In many ways, what the NYPD created was nothing new. The U.S. Department of Justice began its relationship with cooperating informants in 1961, when Attorney General Robert F. Kennedy instructed FBI Director J. Edgar Hoover to order every agent in every field office throughout the country to infiltrate organized crime groups. The FBI knew it needed to access the dregs of the underworld in order to bring down its targets, and the way to do that was to tempt bottom feeders up into the light.
Over time, informants started to pay off as the FBI began toppling the highest levels of organized crime. Eventually, it had informants inside the Mafia, the KKK, the Black Panthers, and biker gangs throughout the country. After 9/11, the bureau focused much of its effort on finding and maintaining Muslim informants to fight the war on terror. More recently, informants have infiltrated anarchist groups such as Black Bloc and Occupy Wall Street.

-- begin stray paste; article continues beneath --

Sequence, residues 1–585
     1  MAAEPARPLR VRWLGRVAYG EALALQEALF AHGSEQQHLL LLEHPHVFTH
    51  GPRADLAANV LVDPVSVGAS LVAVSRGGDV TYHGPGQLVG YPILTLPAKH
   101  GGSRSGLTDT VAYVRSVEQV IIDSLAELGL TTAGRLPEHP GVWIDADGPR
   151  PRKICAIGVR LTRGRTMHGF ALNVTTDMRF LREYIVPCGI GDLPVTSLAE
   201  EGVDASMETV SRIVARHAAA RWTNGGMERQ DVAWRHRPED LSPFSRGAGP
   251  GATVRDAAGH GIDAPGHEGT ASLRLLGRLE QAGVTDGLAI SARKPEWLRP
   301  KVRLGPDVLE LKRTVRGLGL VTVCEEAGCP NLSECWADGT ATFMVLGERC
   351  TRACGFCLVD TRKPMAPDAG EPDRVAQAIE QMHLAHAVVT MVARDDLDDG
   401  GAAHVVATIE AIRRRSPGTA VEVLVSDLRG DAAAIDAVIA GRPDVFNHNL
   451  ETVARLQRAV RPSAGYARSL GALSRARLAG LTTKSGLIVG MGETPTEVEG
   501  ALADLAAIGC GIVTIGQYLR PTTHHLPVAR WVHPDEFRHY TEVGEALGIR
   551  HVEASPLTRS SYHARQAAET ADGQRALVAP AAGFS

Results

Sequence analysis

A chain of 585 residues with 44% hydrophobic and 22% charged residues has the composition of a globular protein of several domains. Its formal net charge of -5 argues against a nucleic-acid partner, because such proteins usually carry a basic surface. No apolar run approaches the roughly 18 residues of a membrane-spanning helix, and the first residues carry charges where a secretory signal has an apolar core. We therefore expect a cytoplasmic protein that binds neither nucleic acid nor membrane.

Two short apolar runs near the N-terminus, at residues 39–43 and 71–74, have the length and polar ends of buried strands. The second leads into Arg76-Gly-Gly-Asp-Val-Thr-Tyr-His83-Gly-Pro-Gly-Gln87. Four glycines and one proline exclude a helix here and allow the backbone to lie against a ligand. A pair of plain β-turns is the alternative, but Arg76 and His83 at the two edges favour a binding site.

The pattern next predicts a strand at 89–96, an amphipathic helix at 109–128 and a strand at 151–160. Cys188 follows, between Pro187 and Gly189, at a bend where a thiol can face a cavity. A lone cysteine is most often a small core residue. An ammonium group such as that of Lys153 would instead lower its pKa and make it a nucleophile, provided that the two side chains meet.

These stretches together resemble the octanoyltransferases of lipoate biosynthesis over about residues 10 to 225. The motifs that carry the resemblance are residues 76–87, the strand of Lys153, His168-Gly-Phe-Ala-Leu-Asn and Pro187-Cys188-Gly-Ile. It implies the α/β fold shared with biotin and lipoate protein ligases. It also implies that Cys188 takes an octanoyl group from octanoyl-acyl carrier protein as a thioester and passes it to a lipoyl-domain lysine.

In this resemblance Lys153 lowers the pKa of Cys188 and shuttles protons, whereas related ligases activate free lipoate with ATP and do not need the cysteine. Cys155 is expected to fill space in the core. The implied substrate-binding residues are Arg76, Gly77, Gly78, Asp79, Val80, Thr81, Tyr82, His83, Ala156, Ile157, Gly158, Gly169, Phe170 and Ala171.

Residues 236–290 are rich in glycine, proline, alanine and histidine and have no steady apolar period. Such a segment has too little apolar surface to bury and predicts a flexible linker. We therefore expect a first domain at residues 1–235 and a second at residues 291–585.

With the resulting arrests came power for FBI case agents. In some instances, that power brought unfettered authority to offer sweetheart deals to turncoats, no matter how treacherous the cooperating informant was. The FBI tracks the productivity of its informants by aggregating their “statistical accomplishments”—that is, the number of indictments, convictions, search warrants, and other contributions to investigative objectives for which the informant gets credit. But what the FBI does not track are agents who let informants run amok.